Natural and organic herbs from the Aegean islands
Amorgos Wild Oregano
Wild Oregano or Argania as it’s called in Amorgos
is a rare and unique species endemic to the island.
The herb of the goddess Aphrodite, it was
a symbol of joy, happiness, and peace.
Probably the most popular herb of Greek and
Mediterranean cuisine in general. Wild oregano is
more fragrant than common oregano and
you only need a small pinch to enjoy its peppery aroma.
Cultivated biodynamically in Amorgos, in the area of Aegiali.
A symbol of strength and bravery, it sprouted from the tears of Helen of Troy and was the incense that burned at the feasts of the goddess Aphrodite, as it generates
and reinforces desire. Folk tradition says that
where the wild thyme grows, fairies dance and play.
Thyme tisane has immune - boosting properties
while it has many uses as a culinary herb, from excellent marinades to stews, and soups.
Thymus capitatus, a native Aegean variety, is organically grown in Agios Dimitrios of Lemnos.
Wild mint or “Fliskouni”, one of the most aromatic Mediterranean herbs. Named after the nymph Minthe,
a river deity and lover of the god Pluto.
It can be enjoyed hot or cold, as a particularly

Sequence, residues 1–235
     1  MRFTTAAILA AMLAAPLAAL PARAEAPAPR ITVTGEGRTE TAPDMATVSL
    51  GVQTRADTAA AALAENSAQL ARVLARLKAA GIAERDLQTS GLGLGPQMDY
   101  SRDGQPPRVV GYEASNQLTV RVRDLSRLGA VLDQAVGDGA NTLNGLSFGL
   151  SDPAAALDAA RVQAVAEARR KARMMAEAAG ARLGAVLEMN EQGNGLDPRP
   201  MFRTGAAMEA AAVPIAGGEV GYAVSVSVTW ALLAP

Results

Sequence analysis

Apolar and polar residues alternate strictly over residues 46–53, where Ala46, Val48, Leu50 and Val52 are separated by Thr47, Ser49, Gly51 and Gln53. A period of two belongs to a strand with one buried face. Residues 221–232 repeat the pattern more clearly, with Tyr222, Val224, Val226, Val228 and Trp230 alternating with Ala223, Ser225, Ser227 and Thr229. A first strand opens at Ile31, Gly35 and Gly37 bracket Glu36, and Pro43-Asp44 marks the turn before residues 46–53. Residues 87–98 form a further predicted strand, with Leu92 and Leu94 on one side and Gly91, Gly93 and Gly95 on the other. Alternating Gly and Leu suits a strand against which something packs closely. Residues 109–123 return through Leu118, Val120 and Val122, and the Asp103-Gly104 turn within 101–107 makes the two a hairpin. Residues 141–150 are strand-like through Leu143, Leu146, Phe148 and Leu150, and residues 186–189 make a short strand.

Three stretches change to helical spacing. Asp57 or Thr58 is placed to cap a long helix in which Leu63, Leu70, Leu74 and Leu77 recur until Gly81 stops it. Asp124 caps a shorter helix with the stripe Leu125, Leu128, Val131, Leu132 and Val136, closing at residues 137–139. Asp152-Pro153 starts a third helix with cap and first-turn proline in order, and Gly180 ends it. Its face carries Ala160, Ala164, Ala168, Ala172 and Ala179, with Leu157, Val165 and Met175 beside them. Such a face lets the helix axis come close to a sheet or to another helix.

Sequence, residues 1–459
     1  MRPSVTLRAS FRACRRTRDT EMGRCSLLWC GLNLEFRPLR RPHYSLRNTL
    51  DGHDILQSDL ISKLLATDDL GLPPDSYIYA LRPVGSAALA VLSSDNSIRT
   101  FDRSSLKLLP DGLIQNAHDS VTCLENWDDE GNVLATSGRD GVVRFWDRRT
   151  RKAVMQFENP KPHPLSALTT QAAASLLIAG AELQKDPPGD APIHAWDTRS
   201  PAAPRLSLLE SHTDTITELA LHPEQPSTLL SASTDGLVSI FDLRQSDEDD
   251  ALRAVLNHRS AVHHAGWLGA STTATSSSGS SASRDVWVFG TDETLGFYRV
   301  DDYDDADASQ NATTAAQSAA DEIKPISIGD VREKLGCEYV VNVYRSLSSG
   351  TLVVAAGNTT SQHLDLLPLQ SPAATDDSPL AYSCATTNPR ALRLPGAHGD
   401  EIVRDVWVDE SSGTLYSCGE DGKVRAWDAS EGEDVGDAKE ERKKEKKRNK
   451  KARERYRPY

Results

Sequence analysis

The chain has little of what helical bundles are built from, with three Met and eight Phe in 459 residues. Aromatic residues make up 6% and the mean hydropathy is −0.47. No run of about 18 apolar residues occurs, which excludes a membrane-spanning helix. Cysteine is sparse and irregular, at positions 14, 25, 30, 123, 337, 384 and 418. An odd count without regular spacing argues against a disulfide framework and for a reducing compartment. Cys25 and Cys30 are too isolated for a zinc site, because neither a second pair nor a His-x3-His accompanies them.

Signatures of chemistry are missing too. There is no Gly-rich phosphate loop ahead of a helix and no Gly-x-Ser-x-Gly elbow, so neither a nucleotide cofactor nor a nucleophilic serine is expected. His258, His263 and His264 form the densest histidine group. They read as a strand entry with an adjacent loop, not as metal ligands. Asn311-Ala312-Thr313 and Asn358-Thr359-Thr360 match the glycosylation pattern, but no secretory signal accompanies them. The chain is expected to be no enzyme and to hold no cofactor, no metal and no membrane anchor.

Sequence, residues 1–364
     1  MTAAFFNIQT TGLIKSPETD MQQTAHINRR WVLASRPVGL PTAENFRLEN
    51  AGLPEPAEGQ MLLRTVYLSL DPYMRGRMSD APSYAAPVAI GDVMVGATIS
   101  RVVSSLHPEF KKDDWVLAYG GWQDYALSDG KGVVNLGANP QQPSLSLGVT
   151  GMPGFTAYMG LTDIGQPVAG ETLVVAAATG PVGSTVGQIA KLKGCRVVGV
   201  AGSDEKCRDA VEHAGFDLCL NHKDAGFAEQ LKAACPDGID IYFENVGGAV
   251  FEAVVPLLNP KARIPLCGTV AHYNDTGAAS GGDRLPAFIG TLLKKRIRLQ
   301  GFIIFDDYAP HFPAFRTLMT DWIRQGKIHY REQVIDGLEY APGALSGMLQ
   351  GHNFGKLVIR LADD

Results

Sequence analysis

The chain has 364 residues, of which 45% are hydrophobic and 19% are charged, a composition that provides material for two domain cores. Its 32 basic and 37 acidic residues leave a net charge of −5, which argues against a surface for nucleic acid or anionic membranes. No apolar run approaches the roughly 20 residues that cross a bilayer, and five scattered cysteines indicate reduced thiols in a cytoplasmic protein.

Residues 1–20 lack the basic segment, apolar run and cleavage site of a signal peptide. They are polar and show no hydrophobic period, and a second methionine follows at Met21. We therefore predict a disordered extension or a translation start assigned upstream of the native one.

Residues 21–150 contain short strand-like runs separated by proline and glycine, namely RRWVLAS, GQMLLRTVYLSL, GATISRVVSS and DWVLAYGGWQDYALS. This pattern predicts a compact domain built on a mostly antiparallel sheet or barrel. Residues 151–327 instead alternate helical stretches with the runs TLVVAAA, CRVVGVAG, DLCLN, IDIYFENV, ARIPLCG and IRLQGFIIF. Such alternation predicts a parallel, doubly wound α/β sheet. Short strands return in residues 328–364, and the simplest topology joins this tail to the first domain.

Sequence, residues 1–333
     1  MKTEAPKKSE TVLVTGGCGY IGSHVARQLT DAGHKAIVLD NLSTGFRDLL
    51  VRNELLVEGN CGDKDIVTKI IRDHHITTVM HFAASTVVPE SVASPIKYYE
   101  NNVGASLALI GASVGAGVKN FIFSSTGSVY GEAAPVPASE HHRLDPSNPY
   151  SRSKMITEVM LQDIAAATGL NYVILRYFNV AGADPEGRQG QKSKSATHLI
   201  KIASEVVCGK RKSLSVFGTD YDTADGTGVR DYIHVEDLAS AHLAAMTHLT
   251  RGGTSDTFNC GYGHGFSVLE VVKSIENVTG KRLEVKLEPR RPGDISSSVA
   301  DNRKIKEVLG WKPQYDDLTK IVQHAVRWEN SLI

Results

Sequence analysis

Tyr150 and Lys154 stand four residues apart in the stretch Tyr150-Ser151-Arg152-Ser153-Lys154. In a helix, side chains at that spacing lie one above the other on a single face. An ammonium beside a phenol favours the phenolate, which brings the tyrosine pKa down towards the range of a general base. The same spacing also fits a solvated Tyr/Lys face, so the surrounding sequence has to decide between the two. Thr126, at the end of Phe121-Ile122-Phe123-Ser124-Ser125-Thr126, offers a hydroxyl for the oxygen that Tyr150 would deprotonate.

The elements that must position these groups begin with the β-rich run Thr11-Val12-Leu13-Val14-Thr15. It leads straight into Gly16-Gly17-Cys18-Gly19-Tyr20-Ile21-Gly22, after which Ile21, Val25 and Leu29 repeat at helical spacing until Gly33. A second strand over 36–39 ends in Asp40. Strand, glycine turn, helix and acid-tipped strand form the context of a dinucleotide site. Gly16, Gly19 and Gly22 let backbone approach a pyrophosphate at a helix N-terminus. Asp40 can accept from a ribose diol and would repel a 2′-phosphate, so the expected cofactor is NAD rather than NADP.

refreshing and tonic tisane for the mind and body.
Unlike mint and peppermint, it does not contain
menthol and is safe to consume during homeopathy
or if you are allergic to menthol.
Organically grown in the Chalkio of Chios.
Naxos Melissa (lemonbalm)
Dedicated to the goddess Artemis, Melisa was the elixir
of youth, and since ancient times it has been used
by alchemists and healers for tonic potions.
With its sweet taste and lemony scent, it gives an invigorating and refreshing drink for the hot summer days.
Harvested from organic farms in Sangri, Naxos.
The unique scent of Alisfakia, as the sage
is called in Amorgos, awakens the senses.
It is the plant of the god Zeus, the herb of immortality,
and we first see it depicted in 1,400 BC.
in fresco in the palace of Knossos in Crete.
It works as a tonic for the whole body,
mainly becauseof the tannins it contains.
It is cultivated biodynamically in the area of Aegiali, Amorgos
Cretan Mountain Tea
The ancient Greeks called it the “tea of the Titans”.
"Malotira" is one of the most famous species
of Sideritis, best known as “mountain tea”
and grows on the Cretan mountains.
The name “Malotira” owes it to the Venetians and comes
from the words “male” (sick, evil) and “tirare” (draw)
because they considered it a cure-all.
Organically grown in Omalos, at the beginning
of the famous Samaria Gorge
Dictamus, or “erontas” was the favourite plant
of the healer god Apollo who gave it to humans.
Tradition has it that the wild goats of Crete,
when injured by a hunter, were chewing dittany
and thus removed the arrow from their body.
Its decoction soothes stomach disorders and cold symptoms
Harvested from organic farms in Kamari, Paros
The marjoram was given to the people by the goddess Aphrodite, who planted it in mount Olympus, and
like oregano, it symbolized happiness and harmony.
A favorite herb of the Mediterranean cuisine,
it’s delicious in salads and pasta while it makes
a pleasant tisane that aids digestion.
Oregano’s sweet cousin is organically grown
in Talanta, Syros.